3. Price statistics: A revised all-India Consumer Price Index (CPI) with new weights was released in early 2011, which covers combined rural and urban India, with 2009/10 as a base year. As well, separate corresponding urban and rural CPI series are published. The CPIs are published with a lag of about one month. In early 2015, the CPI weights were updated using 2011/12 expenditure data and the CPI series has been revised from January 2015. Since January 2006, the Labour Bureau has published a CPI for industrial workers with a 2001 base year. Presently, there also remain four CPIs, each based on the consumption basket of a narrow category of consumers (namely industrial workers, urban and non-manual employees, agricultural laborers, and rural laborers). With the exception of the industrial workers’ CPI, these other indices are based on weights that are over ten years old. The WPI has been rebased to the 2011/12 base year. The authorities are in the process of developing a PPI to replace the WPI. A new RBI price series on residential property price indexes have helped surveillance in this area, though geographic coverage remains limited, and price data for commercial real estate are not available. The RBI has started producing a series covering rural wage data, which helps surveillance, but economy-wide wage data are scant.

Government finance statistics: The Ministry of Finance (MoF) is responsible for compiling and disseminating the Government Financial Statistics (GFS). Data on the general government operations include state governments but exclude data on the operations of the extra-budgetary funds, local governments, and social security funds. There is also scope to improve the analytical usefulness of the presentation of the fiscal accounts from which GFS are derived, such as the classification of government expenditure between developmental/non-developmental and plan/non-plan spending. The authorities are reviewing how they could meet their commitment, under the G-20 Data Gaps Initiative, on reporting quarterly consolidated general government data by June 2021.

4. Monetary and financial statistics: The RBI web site and the RBI Bulletin publish a wide array of monetary and financial statistics, including reserve money and its components, the RBI’s survey, the monetary survey, liquidity aggregates (outstanding amounts), interest rates, exchange rates, foreign reserves, and results of government securities auctions. In 2011, the RBI started publishing a weighted-average lending interest rate and other lending rates at annual frequency. The frequency and quality of data dissemination have improved substantially in recent years. The RBI reports data on several series of the Financial Access Survey (FAS), including the two indicators (commercial bank branches per 100,000 adults and ATMs per 100,000 adults) adopted by the UN to monitor Target 8.10 of the Sustainable Development Goals (SDGs).

5. The RBI reports monetary data to STA with substantial delays and in non-standard format. The RBI also provides “test” data using the standardized reporting forms. However, the test data do not contain sufficient details (e.g., instrument, currency and counterparty sector breakdowns) to construct a complete and analytically useful picture of India’s financial sector that is also consistent with the guidelines provided in the Monetary and Financial Statistics Manual. In addition, data reported cover depository corporations only, and data on other financial corporations such as insurance corporations, pension funds, and investment funds are not covered.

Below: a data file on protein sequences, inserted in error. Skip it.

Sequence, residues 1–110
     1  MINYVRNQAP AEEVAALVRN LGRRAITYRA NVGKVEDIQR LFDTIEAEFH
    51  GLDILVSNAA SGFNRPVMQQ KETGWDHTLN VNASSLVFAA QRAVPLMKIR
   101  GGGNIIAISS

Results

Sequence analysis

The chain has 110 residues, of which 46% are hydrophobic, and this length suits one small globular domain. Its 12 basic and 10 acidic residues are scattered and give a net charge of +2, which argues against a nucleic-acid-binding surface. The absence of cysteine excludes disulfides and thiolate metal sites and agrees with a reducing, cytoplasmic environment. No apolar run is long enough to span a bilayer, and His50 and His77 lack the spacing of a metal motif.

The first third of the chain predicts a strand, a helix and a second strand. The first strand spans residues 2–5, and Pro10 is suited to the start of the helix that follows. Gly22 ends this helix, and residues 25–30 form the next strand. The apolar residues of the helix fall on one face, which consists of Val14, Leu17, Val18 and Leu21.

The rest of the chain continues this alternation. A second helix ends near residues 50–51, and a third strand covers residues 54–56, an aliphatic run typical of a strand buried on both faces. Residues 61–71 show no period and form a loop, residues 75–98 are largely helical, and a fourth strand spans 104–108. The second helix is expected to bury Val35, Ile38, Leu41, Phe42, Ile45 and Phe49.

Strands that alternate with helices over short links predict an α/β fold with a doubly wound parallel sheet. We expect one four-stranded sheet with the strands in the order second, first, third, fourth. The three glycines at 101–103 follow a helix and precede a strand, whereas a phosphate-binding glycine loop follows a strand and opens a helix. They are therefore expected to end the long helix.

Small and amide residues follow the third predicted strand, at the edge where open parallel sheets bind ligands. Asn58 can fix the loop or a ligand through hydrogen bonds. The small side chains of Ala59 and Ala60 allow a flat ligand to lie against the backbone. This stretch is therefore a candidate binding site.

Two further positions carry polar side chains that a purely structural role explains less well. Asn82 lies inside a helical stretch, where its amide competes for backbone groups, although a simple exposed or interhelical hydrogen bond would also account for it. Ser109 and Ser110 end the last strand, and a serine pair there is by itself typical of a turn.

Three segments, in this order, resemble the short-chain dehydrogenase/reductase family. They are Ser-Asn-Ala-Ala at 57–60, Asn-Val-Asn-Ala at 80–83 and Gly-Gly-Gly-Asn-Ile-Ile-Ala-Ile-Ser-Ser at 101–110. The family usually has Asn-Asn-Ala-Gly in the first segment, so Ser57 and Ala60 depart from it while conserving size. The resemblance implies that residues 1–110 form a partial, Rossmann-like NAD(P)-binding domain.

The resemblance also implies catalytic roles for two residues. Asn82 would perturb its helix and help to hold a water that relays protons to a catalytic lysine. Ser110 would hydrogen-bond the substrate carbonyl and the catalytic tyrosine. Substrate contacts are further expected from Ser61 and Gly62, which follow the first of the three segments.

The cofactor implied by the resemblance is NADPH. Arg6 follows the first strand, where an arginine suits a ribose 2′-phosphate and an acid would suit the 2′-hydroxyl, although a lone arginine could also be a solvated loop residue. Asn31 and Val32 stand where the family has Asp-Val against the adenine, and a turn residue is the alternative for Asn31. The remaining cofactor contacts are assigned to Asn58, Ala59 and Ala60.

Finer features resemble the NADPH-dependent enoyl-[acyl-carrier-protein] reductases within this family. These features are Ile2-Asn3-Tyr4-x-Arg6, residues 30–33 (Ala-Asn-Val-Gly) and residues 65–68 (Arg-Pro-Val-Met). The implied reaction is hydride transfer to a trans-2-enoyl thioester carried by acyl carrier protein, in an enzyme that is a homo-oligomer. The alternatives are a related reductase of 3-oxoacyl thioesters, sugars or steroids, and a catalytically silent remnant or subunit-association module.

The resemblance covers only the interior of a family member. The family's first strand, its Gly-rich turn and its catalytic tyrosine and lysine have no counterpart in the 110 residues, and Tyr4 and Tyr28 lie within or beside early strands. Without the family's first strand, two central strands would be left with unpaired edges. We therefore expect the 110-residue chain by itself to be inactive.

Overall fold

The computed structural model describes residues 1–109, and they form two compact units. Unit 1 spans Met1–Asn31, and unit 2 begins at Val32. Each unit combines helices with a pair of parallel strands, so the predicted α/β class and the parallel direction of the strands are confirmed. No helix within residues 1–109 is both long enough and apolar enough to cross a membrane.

6. Financial sector statistics: As for reporting of financial soundness indicators (FSIs), all 12 core and 11 encouraged FSIs for deposit takers as well as three FSIs for real estate markets are reported on a quarterly basis. FSIs for other financial corporations, nonfinancial corporations, and households are not reported.

7. External sector statistics: The concepts and definitions used to compile balance of payments statistics are broadly in line with the sixth edition of the Balance of Payments and International Investment Position Manual (BPM6). However, trade data have valuation, timing, and coverage problems. Data on imports of goods in the balance of payments are registered in c.i.f. prices while the BPM6 requires the f.o.b. pricing. Data on trade in goods prices, volumes, and composition are not regularly available on a timely basis. External debt statistics are available on a quarterly basis with a one quarter lag. Estimates of short-term external debt are presented on an original maturity basis. The short-term maturity attribution on a residual maturity basis is only available annually (and excludes residual maturity of medium- and long-term nonresident Indian accounts). The international investment position (IIP) statistics cover the sectors prescribed in the BPM6 and these data are disseminated within three months of the reference period in respect of quarterly data.1 Coverage of direct investment positions data is hampered by the absence of appropriate legal or institutional authority. India disseminates monthly the Data Template on International Reserves and Foreign Currency Liquidity as prescribed under the SDDS. More up-to-date information on certain variables, such as total foreign reserve assets, foreign currency assets, gold, and SDRs, are available on a weekly basis and are disseminated as part of a weekly statistical supplement on the RBI web site.

India: Table of Common Indicators Required for Surveillance

(As of October 2, 2019)

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Daily (D), Weekly (W), Biweekly (BW), Monthly (M), Quarterly (Q), Annually (A), Irregular (I); Not Available (NA)

Any reserve assets that are pledged or otherwise encumbered should be specified separately. Also, data should comprise short-term liabilities linked to a foreign currency but settled by other means as well as the notional values of financial derivatives to pay and to receive foreign currency, including those linked to a foreign currency but settled by other means.

Both market-based and officially-determined, including discount rates, money market rates, rates on treasury bills, notes and bonds.

Foreign, domestic bank, and domestic nonbank financing.

The general government consists of the central government (budgetary funds, extra budgetary funds, and social security funds) and state governments.

For the states, limited details regarding the provisional accounts for FY2018/19 are available. Data for a few states is missing.

Details on central government expenditures for FY2018/19 and recent months is not yet available.

Including currency and maturity composition.


The IIP as published by the RBI values equity liabilities at acquisition cost, while the Fund uses market prices, resulting in substantial differences.